If you’re a C-Cab street rod fan, you’ll not want to miss the 2017 T-Bucket Nationals, June 22-24 in Carson City, Nevada. It will be your opportunity to view up close and personal the lovely 1916 Ford C-Cab street rod scratch built by Steve Ortega of Rohnert Park, California.
I think it was back around 2006 when I first saw the above photo of Steve’s C-Cab street rod on the Internet and I was hooked on its beauty. The stunning mahogany finish was perfectly complemented by the clean white paint finish and the C-Cab’s profile was just perfect in my eyes.
So I was a happy man when I arrived at the NTBA’s 2016 T-Bucket Nationals in Indianapolis and it was one of the first T’s I saw.
According to Steve, he built this C-Cab street rod from scratch, but with some inspiration.
Steve said it was built to look similar to the Monogram Paddy Wagon model from the 70’s, which was designed by Tom Daniel. The Paddy Wagon was quite a popular model car back then and its sales were not far behind the incredibly popular Red Baron T-Bucket, also designed by Daniel.
Steve started his project in 1997 and it’s built on a chassis that’s modified a bit from the California Custom Roadster’s T-Bucket Chassis Plans.
It’s relatively easy to identify a T chassis based on the CCR Plans‘ uniquely styled spring perch, steering arms, batwings and tie rod running behind the axle.
Steve modified the frame behind the cowl by making it wider and a better support for the wide, flat floot. The white paint that perfectly complements the woodwork is PPG urethane. Those sharp wheels, by the way, are American Racing polished 5-spokes with B.F. Goodrich tires.
But hold on, because here comes the lesson in scratch building a great looking C-Cab street rod. To start, it’s got to have curves or it’ll just look like an awkward box.
Knowing that, Steve bought a California Custom Roadsters T-Bucket body and proceeded to chop off everything behind the cowl. That gave him the nicely curved cowl look that’s so important in making this C-Cab street rod look so good. The floor pan was constructed from plywood. The script on the custom carb scoop over the dual Holley carbs on the tunnel ram reads, “Built Ford Tough with Old Chevy Stuff”. The engine is a Chevy 350.
The second important thing Steve did was build that curved C-Cab roof like the one on the Paddy Wagon model that inspired him. The roof is made from wood slats laid out over curved wood bows and covered with period vinyl. One more set of curves for appearance sake.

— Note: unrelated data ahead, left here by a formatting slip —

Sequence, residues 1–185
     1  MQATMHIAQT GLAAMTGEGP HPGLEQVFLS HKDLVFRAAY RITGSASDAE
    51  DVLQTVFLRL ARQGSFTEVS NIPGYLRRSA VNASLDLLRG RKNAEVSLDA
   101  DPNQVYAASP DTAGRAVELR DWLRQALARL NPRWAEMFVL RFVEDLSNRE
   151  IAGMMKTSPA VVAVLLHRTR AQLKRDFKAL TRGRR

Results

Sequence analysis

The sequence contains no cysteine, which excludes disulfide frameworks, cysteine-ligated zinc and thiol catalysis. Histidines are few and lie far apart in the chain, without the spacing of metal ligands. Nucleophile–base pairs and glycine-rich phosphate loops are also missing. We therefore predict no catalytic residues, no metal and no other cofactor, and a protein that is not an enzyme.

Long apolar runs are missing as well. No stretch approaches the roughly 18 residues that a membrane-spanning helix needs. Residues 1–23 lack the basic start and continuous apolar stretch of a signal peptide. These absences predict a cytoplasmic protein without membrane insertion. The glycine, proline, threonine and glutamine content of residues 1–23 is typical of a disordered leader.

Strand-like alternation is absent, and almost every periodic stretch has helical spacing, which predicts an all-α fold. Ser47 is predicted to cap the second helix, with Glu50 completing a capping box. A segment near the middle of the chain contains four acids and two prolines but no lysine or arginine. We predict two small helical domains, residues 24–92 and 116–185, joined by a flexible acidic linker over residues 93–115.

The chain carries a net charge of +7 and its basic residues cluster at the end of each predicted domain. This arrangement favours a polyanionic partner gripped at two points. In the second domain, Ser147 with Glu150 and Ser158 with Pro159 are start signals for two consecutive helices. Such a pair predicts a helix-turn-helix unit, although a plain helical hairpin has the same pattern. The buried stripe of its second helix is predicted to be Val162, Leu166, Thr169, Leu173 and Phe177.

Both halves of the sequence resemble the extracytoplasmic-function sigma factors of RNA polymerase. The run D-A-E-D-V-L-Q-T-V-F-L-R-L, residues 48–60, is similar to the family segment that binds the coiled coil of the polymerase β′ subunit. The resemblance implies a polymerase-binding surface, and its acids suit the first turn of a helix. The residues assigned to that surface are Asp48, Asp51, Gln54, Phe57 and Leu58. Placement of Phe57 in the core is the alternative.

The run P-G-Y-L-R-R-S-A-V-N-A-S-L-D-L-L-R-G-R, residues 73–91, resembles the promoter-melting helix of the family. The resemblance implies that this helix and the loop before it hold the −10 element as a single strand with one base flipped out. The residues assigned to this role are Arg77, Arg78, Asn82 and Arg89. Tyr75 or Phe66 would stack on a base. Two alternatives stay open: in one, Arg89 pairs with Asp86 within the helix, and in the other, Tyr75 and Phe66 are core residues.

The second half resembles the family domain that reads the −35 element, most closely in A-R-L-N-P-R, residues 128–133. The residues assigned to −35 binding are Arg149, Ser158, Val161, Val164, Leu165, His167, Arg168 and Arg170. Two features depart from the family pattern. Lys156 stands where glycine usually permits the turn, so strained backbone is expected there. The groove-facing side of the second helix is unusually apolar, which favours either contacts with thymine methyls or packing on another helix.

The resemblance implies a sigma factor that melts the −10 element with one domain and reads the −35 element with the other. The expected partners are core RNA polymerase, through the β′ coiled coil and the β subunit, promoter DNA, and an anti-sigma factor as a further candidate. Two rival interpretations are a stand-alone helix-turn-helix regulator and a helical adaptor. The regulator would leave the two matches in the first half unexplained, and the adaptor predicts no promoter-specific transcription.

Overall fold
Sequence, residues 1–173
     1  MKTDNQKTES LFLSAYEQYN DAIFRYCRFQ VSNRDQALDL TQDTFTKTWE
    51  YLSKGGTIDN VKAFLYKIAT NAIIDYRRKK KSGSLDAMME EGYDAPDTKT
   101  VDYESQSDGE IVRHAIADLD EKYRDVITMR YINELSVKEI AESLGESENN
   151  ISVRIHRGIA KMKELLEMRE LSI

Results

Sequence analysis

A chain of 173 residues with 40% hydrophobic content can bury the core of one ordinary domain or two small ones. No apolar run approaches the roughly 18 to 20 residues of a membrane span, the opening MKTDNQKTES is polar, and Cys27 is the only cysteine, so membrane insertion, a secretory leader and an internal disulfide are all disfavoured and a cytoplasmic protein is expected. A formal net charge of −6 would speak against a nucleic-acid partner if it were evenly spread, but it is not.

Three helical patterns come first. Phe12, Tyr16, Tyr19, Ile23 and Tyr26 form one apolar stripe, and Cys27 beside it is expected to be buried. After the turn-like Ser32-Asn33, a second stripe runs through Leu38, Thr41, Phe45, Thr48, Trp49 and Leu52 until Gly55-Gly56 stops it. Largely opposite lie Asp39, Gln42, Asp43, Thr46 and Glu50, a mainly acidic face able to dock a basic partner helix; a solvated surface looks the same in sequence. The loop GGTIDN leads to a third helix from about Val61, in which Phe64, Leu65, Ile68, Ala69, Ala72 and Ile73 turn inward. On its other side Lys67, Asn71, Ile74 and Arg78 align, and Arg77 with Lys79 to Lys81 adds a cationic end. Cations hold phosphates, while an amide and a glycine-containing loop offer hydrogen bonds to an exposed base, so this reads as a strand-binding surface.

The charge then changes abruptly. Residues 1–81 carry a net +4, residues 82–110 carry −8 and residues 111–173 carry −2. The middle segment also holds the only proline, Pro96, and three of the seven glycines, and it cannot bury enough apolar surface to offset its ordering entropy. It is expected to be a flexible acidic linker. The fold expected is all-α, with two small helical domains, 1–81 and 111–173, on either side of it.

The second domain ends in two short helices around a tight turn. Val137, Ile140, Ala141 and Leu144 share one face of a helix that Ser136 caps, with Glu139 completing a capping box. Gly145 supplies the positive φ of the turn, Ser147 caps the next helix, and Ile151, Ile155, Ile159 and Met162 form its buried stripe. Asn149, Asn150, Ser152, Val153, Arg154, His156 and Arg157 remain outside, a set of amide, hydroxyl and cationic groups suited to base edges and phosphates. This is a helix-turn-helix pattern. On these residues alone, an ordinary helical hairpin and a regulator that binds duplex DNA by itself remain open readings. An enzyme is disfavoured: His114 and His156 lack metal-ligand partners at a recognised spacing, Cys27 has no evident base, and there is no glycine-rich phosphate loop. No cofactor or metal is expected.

Now it may not surprise you to learn that Steve’s profession is woodworking. The main body of Steve’s C-Cab street rod is constructed from laminated plywood and covered with Honduras Mahogany veneer and solid wood trim. The rear axle, by the way, is out of a 1956 Chevy passenger car.
The wood finish is a beautiful mix of walnut and cherry colored stain with 10+ coats of automotive clear urethane. A CD stereo is mounted under the driver’s seat and that’s a clever power window between the front and rear compartments.
In the photo above you’ll note the tilt steering column connecting through the firewall to the polished Corvair steering box.
The shifter controls the Turbo 350 transmission and the dash houses a full array of Autometer gauges.
Of course, the rear compartment is equally well-appointed and the side glass is highlighted by Steve’s perfect wood joinery.
And have no doubt that this C-Cab is also a driver. Steve and his wife have driven it all over Northern California since its completion in 2002, having participated in many shows, parades and cruises. It’s been many smooth miles thanks to a Shockwave 9000 Air Ride rear suspension setup.
When you attend the 2017 T-Bucket Nationals in Carson City this beauty of a C-Cab street rod will be a treat you’ll want to spend time taking in further. “I like the people looking at it and trying to figure out different things,” Steve said.
(Note: We’re not the organizers of the event; we’re just happy to help promote it. For further information and all event questions please go to the helpful NTBA Event Forum.)